Posts Tagged ‘Current sea level rise’

In a new peer-reviewed scientific study, experts said satellite data show sea levels rose by 3.2 millimeters a year from 1993 to 2011 — 60 percent faster than the 2 mm annual rise projected by the U.N.’s Intergovernmental Panel on Climate Change (IPCC) for that period, however  the IPCC was just about spot on with its predictions for warming temperatures.

The IPCC has estimated that seas rose by about 7 inches over the last century, and estimates a range of between 7 and 23 inches this century.  This is enough to worsen coastal flooding and erosion during storm surges and if the impacts of Hurricane Sandy is any indication, will dramatically impact the dense coastal populations around the world.

The most recent IPCC report did not factor in a possible acceleration of the melt of the Greenland and Antarctic ice sheets and “assumed that Antarctica will gain enough (ice) mass” to compensate for Greenland ice loss, the new study’s authors noted, but more recent studies have shown that “the ice sheets in Greenland and Antarctica are increasingly losing mass.”

When the next IPCC report comes out in March 2014, we should expect a more quantitative understanding of ongoing sea level rise — and an entire chapter on the topic —given the impacts on the densely populated coastal regions of the world.

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A Dust Bowl storm approaches Stratford, Texas ...

A Dust Bowl storm approaches Stratford, Texas in 1935. - wikipedia.org

Texas is not immune to the effects of increasing greenhouse gases, according to the state climatologist, John Nielsen-Gammon, of Texas A&M University’s Department of Atmospheric Sciences. Dr. Nielsen-Gammon also says the international science on climate change is fundamentally sound despite challenges from state officials, and the drought in Central Texas is likely to continue.  Below are excerpts from an interview with the Texas Tribune. (more…)

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In an article by Concierge.com, a travel focused online publication, they selected seven beach destinations around the world in danger of disappearing forever due to forces such as erosion, pollution, rising sea levels, reckless overdevelopment, and sand mining, with a caution that there are hundreds more.  If we don’t curb global warming, insist on sustainable development, and protect the world’s beaches against pollution and mismanagement, the idyllic shorelines we cherish will be preserved only in memory.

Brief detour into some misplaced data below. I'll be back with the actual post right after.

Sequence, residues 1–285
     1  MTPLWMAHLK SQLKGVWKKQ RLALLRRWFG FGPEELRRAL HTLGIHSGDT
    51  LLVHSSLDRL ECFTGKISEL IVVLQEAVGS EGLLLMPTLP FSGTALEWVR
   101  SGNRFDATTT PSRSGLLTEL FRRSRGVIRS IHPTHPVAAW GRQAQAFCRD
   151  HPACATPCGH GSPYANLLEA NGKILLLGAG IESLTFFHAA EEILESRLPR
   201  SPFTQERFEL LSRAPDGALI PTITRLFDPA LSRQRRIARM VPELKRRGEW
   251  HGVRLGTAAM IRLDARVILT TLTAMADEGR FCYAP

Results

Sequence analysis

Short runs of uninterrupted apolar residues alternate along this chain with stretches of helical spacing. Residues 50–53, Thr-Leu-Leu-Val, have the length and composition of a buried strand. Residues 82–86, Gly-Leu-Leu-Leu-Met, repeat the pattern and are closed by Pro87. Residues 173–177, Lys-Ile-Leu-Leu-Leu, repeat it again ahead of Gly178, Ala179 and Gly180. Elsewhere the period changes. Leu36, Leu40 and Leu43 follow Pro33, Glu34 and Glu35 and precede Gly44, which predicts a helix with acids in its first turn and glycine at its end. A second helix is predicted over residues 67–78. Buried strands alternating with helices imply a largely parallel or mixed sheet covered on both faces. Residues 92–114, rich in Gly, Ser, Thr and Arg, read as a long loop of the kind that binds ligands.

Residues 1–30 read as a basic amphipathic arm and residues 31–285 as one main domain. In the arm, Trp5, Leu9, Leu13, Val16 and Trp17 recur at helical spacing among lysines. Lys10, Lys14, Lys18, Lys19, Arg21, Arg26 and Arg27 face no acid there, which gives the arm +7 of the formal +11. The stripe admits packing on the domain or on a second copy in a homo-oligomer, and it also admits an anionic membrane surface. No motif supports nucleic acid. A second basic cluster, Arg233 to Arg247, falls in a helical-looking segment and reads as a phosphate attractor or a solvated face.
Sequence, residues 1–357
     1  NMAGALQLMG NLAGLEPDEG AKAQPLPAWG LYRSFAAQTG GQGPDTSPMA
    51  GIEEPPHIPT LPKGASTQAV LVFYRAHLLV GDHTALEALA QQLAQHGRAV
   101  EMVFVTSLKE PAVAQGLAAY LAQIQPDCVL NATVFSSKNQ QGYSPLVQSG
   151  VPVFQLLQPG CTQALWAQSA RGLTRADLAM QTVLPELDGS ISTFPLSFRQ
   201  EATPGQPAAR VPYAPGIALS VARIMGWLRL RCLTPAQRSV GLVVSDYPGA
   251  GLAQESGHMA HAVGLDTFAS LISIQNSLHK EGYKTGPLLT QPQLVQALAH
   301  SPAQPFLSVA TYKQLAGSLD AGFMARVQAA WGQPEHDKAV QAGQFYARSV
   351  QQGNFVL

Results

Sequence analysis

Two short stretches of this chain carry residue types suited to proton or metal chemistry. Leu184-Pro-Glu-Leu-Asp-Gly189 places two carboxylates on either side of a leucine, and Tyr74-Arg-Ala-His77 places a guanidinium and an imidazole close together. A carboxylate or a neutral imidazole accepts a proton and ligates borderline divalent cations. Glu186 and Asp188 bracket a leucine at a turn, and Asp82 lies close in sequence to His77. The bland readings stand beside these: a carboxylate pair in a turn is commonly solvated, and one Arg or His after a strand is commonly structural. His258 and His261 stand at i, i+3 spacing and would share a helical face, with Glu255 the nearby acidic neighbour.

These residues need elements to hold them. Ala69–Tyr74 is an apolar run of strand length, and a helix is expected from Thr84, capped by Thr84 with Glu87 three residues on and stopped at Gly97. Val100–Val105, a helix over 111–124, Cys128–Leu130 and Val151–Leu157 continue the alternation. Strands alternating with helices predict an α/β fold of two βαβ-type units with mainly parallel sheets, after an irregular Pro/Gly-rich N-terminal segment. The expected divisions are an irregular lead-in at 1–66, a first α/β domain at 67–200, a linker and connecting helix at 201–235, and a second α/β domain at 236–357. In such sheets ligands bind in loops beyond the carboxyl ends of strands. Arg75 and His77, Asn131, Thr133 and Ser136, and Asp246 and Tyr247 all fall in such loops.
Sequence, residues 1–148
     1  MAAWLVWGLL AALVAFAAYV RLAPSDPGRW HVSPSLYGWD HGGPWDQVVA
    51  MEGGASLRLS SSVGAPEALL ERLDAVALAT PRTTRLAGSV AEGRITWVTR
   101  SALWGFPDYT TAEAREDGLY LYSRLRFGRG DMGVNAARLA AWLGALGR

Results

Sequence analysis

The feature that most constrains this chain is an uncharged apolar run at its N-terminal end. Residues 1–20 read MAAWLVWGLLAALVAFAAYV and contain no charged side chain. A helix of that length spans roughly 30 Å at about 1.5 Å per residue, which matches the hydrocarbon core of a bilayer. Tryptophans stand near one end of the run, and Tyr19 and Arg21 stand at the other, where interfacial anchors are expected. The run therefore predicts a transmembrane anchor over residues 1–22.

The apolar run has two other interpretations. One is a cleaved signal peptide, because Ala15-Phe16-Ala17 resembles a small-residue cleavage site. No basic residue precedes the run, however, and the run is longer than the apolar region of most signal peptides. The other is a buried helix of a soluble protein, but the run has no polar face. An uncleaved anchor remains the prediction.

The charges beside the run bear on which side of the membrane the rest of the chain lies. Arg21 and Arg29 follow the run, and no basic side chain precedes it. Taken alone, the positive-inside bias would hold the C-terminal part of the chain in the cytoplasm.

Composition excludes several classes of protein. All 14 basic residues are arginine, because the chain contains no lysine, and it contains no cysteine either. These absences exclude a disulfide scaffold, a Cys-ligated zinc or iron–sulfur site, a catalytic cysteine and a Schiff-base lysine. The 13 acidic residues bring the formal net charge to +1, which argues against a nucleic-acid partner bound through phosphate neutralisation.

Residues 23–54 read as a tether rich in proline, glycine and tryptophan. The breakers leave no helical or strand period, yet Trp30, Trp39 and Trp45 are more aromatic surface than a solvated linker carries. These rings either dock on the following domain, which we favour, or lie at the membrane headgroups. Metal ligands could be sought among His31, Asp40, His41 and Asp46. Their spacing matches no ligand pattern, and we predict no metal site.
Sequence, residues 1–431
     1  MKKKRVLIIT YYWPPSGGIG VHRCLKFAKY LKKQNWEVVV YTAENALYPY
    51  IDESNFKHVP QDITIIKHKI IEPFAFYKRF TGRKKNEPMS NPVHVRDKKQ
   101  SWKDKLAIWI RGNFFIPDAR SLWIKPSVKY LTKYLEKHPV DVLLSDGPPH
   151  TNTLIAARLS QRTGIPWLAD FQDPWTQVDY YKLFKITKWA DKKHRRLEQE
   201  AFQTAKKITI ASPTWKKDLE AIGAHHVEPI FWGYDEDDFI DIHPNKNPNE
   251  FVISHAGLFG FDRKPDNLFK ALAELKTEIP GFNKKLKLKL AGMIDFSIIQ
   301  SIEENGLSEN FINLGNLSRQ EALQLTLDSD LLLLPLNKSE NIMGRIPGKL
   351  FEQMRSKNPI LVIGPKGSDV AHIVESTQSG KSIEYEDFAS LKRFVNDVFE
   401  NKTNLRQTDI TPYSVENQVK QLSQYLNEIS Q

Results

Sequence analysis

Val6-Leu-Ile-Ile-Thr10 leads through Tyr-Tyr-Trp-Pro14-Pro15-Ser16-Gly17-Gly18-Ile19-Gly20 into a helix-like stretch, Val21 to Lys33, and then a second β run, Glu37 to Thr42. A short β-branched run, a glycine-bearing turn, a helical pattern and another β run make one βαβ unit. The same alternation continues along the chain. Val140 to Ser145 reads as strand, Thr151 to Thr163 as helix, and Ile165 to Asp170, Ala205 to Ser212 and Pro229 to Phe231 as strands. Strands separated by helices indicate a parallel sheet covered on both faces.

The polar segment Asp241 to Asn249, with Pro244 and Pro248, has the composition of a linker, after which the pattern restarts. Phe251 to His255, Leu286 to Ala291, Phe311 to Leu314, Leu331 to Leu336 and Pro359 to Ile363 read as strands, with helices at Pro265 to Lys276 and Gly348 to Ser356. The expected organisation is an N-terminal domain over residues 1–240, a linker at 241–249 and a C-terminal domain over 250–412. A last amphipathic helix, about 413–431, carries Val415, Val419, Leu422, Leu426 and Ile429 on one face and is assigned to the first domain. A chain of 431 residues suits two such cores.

Of the seven, the beaches of the Maldives are the most imminently threatened by rising sea levels as a result of global warming.

The Maldives
With postcard-ready beaches, unblemished coral reefs, and some of the world’s most luxurious resorts, the Maldives are for many a once-in-a-lifetime destination. But the island nation’s own lifetime may itself be cut drastically short: Rising sea levels all but doom this string of 26 low-lying atolls in the Indian Ocean, unless the rest of the world acts — quickly — to curb global warming.

With an average elevation of just four feet, the Maldives may, according to some scientists’ models, be submerged before the end of the century. Other coastal geologists believe that the islands, which are composed principally of coral, can regenerate more quickly than the water level rises, and that wave action can build up the islands. But rising ocean temperatures — another symptom of global warming — inhibit coral growth, and few Maldivians seem prepared to sit back and take that chance. President Mohamed Nasheed has committed the Maldives to becoming the world’s first carbon-neutral nation by 2020, by building a wind farm to meet 40 percent of the electricity demand; installing 5 million square feet of solar panels; recycling agricultural waste as fertilizer; and asking foreign visitors to buy carbon credits. Valiant as these efforts may be, they are unlikely to stem the (literal) tide, so Nasheed is also searching for a new homeland in case the entire population is forced to relocate.

If you go: The Marine Lab at the Banyan Tree Vabbinfaru resort does serious scientific research on marine ecology, coral recovery, and endangered species. Guests can visit the lab and join biologists on dives.


By promoting cleaner energy, cleaner government, and cleaner air for all Texans, we hope to provide for a healthy place to live and prosper. We are Public Citizen Texas.

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